Scientists Must Communicate! But How?
April 16, 2015
By Sarah Boon, PhDEverywhere you turn there’s another article exhorting scientists to communicate. They’re encouraged to share and promote their research for many reasons: to secure more funding in an age of budget cuts and industry-targeted grant programs, to engage citizen scientists and the public, to contribute to the public debate about science and to science policy itself, to share research that would otherwise reach only a very limited audience, to develop new collaborations…the list goes on.
But how do you take that first step out of the research lab or field site, and into the public realm?
It ultimately depends on how involved you want to be in communications and outreach. Here we provide a few tips on where to get started, what kind of commitment might be involved, and how to progress if you catch the communication ‘bug.’
1. Start local.Look around your institution and your community. Are there regular Café Scientifique events in which you could participate - like this one through SFU? Perhaps there are organizations like Let’s Talk Science who could use your help in sharing your research with school kids. Maybe you’re interested in volunteering at a science centre or for a science fair. Anything that gets you into a public space where you can share your science – either through a talk, a piece of writing, or a demonstration – is a great way to find out if this is something you’d like to pursue further.
2. Join social media.There have been several studies of science and social media – Twitter in particular – that suggest it can be a great outreach tool.
Open a Twitter account (using this handy how-to guide from Tweet Your Science) and start following scientists, journals, scientific organizations, science communicators in your field, and science news outlets. This will give you a sense of the types of conversations happening online both in your own field and in related ones. You can then contribute to that conversation by sharing your own expertise and research, broadening your network online and potentially creating new collaborations - while also informing people who might otherwise not know about your work. You can decide how involved you want to be, and what level of time commitment you want to make.
3. Write a blog.Many Canadian scientists write blogs, using them to share their own research as well as other people’s research, science in the news, and their thoughts on teaching, academia, and more.
Some great examples include UBC mathematician Izabella Laba (The Accidental Mathematician); UBC microbiologist Rosie Redfield (RRResearch); McGill ecologist Chris Buddle (Arthropod Ecology); University of Western Ontario astrophysicist Pauline Barmby (Pauline's Perambulations and Permutations); and University of New Brunswick ecologist Stephen Heard (Scientist Sees Squirrel).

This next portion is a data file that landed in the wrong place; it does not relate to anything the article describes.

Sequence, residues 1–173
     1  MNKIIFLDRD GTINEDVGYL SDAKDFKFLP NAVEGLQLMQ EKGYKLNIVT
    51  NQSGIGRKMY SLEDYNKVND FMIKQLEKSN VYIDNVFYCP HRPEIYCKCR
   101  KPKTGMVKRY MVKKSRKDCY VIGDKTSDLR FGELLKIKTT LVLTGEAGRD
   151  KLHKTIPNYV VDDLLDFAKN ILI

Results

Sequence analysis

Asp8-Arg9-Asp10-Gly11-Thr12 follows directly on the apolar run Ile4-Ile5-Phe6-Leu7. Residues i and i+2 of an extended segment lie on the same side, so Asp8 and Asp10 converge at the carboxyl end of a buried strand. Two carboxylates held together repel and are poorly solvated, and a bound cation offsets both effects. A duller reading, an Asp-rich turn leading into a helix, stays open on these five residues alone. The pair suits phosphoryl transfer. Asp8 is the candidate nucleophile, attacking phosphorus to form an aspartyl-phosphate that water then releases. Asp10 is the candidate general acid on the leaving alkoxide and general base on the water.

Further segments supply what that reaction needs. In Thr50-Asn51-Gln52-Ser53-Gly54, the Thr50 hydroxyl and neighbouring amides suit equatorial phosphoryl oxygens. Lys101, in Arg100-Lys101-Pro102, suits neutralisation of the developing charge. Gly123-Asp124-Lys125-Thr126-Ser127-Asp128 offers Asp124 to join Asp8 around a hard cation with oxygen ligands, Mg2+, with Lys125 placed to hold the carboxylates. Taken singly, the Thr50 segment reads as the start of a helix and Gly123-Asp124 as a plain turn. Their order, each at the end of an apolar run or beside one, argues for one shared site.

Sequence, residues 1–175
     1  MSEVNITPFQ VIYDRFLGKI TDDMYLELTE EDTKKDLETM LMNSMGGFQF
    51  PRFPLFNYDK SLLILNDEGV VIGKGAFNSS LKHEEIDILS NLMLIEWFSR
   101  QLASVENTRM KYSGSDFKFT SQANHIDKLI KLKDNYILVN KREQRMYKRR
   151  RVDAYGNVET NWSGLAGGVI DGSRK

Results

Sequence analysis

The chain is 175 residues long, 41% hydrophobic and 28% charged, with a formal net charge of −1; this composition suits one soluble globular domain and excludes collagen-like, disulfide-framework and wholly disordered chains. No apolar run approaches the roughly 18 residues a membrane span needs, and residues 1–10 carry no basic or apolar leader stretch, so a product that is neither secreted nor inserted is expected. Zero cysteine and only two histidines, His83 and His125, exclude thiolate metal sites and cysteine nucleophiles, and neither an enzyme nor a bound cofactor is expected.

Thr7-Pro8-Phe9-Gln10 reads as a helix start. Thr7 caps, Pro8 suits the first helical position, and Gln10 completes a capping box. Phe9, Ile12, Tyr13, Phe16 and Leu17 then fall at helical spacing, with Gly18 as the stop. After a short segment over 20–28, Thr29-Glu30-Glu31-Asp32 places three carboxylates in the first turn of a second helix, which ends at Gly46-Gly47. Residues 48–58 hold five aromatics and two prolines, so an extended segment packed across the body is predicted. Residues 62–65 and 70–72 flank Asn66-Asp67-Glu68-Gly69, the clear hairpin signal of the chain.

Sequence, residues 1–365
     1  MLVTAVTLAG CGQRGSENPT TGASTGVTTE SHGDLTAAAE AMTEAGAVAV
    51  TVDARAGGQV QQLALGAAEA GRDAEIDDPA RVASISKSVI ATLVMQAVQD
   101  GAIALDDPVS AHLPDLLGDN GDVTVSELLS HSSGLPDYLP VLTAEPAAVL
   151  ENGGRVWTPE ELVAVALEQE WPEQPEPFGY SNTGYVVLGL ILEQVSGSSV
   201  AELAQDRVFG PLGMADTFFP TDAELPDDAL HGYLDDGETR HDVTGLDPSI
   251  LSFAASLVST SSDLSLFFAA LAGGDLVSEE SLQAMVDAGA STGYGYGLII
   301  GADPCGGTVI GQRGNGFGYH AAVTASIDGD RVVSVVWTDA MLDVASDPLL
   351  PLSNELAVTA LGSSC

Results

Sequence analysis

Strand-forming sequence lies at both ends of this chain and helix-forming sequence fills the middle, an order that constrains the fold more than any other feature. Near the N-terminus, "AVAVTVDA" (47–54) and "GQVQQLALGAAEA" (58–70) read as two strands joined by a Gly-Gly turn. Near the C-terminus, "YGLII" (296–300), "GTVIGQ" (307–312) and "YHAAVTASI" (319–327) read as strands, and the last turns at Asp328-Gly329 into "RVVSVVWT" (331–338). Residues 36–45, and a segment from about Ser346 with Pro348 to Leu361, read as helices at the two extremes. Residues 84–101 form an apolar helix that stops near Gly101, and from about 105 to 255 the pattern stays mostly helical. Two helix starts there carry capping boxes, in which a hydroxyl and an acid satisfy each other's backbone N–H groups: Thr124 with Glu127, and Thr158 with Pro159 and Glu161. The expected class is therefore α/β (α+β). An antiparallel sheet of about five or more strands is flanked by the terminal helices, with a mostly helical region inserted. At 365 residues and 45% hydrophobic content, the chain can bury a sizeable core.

Before starting a blog, consider this list of questions compiled by experienced science blogger Bethany Brookshire (@scicurious), and these tips from Kelly Oakes (@kahoakes), the Science Editor at BuzzFeed.
Blogs definitely require more commitment than a simple Twitter account: you have to dedicate time to coming up with post ideas – and then actually write them. You’ll also want to ensure that your blog is easily understandable to your target audience. If you’re concerned about sharing your ideas and thoughts publicly, you may prefer to blog pseudonymously. Another option – if you don’t want to maintain a personal blog – is to write a guest post for outlets like The Conversation US, Science Borealis, or other science-related outreach ventures.
The rewards of blogging include enhanced communication abilities due to constantly practicing your writing and knowledge translation skills, greater exposure for your work, and the opportunity to see your research in a new light as you explore it from different angles.
4. Attend a communications workshop at a conference.Given the popularity of science outreach, scientific conferences are increasingly offering communications workshops for scientists interested in getting involved. For example, the Canadian Society for Ecology & Evolution held a workshop on blogging, social media and podcasts at their 2014 meeting, while the 2015 AGU / CGU / GAC-MAC Joint Assembly in Montreal has a workshop on Sharing Science in Your Community. Bigger meetings like the American Association for the Advancement of Science (AAAS) annual spring meeting have even more extensive science communication workshops.
If you’re already attending the conference to present your research, why not take in a workshop as well? It will give you a chance to learn from the professionals, and see if there are other ways to pursue your outreach efforts.